Family Mediation

There are times when family members don’t always agree on the best course of action for a loved one. Sanders & Warren tactfully and calmly help a family work through these challenging issues. Below is a typical example of a family in turmoil.


Professional Mediation Eases Family Stress

A family of four siblings had met with an elder law attorney to discuss a long range estate plan for their mother. The parent was widowed, diagnosed with Alzheimer’s in her mid-60’s, and resided in a private pay assisted-living facility. The siblings lived in close proximity to the facility and visited their mother regularly. They all loved their mother. However, each sibling had their own opinion of how their mother should be cared for. Their differences were creating conflict. The mother was picking up their stress and tension during their visits. The siblings were stuck and couldn’t agree on a plan going forward. So, the elder law attorney recommended the family arrange a meeting with a Sanders & Warren care manager to assist them in developing a long range care plan.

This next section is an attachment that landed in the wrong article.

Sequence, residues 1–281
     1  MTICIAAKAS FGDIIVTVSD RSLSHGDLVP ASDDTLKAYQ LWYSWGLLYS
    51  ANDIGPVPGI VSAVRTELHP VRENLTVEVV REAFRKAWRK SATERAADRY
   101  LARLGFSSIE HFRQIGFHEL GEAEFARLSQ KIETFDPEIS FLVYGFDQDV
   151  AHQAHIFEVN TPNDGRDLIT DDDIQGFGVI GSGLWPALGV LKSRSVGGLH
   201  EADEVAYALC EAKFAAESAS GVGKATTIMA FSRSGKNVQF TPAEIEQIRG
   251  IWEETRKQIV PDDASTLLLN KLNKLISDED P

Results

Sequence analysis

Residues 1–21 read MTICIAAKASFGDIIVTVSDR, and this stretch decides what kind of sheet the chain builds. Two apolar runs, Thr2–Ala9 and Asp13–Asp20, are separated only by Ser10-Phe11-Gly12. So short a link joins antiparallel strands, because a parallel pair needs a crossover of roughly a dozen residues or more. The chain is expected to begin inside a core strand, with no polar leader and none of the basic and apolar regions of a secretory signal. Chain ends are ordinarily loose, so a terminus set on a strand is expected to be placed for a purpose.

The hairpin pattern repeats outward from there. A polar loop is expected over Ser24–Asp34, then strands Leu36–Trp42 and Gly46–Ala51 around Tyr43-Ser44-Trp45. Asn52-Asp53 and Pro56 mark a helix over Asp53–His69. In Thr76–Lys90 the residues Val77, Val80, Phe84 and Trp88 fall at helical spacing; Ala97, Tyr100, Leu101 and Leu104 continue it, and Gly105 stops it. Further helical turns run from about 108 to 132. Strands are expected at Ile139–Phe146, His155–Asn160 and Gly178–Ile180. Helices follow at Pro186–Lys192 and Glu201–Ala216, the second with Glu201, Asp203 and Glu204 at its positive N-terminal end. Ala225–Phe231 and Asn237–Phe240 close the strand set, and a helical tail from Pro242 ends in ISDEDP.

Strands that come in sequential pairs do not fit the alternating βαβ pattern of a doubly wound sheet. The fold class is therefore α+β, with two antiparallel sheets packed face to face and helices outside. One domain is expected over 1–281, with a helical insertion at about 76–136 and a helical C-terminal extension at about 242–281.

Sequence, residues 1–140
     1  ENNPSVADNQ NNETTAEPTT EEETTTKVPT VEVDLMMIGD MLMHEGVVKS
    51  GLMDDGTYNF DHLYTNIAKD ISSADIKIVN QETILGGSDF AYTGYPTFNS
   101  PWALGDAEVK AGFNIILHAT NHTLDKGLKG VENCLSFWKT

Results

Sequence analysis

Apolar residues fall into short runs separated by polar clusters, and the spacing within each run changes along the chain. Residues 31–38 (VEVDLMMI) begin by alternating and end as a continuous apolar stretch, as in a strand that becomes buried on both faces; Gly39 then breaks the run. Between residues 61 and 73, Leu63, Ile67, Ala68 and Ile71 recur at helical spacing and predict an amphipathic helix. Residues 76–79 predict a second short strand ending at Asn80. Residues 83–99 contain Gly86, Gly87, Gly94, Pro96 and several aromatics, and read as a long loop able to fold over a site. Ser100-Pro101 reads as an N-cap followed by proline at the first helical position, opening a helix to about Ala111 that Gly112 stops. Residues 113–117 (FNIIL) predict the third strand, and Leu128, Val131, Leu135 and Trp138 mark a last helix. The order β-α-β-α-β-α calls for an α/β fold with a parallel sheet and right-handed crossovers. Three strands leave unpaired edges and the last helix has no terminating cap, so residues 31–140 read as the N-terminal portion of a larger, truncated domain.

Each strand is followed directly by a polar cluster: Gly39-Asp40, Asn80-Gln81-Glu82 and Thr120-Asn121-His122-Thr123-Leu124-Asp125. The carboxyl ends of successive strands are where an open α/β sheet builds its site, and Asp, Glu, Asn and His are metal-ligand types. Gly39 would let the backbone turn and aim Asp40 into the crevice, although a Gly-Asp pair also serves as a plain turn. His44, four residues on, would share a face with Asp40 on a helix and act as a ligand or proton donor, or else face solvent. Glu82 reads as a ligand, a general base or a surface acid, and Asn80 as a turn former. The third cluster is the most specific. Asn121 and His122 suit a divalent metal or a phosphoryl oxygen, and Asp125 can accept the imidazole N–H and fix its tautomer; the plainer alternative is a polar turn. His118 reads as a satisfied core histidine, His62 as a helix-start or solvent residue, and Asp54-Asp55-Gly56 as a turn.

The care manager met together with all four adult children and encouraged each of them to express their opinions about how and where each envisioned their mother’s care would be provided. The care manager affirmed the family by acknowledging they all wanted what was best for their mother and worked to insure that each person's opinions and wishes were heard.

The care manager conducted an assessment visit with their mother at her facility. She also met individually with each sibling to discuss their ideas for a care plan. She then wrote an assessment which included a summary of each sibling’s care plan wishes along with the care managers’ own recommendations. The assessment was reviewed by the siblings and discussed in a joint, mediated meeting. Ultimately, the family agreed upon the care manager’s recommendations for the current and long range plan. The mediation was successful due to:
  1. group mediation All siblings felt that their suggestions were heard and considered.

  2. A detailed report (over 25 pages) offered a realistic and unbiased assessment of their mother. It noted her social, emotional, medical, cognitive, and financial condition and needs. They knew that all of these aspects needed to be taken into consideration in creating a comprehensive care plan for their mother. All agreed they would follow the care manager’s recommendations.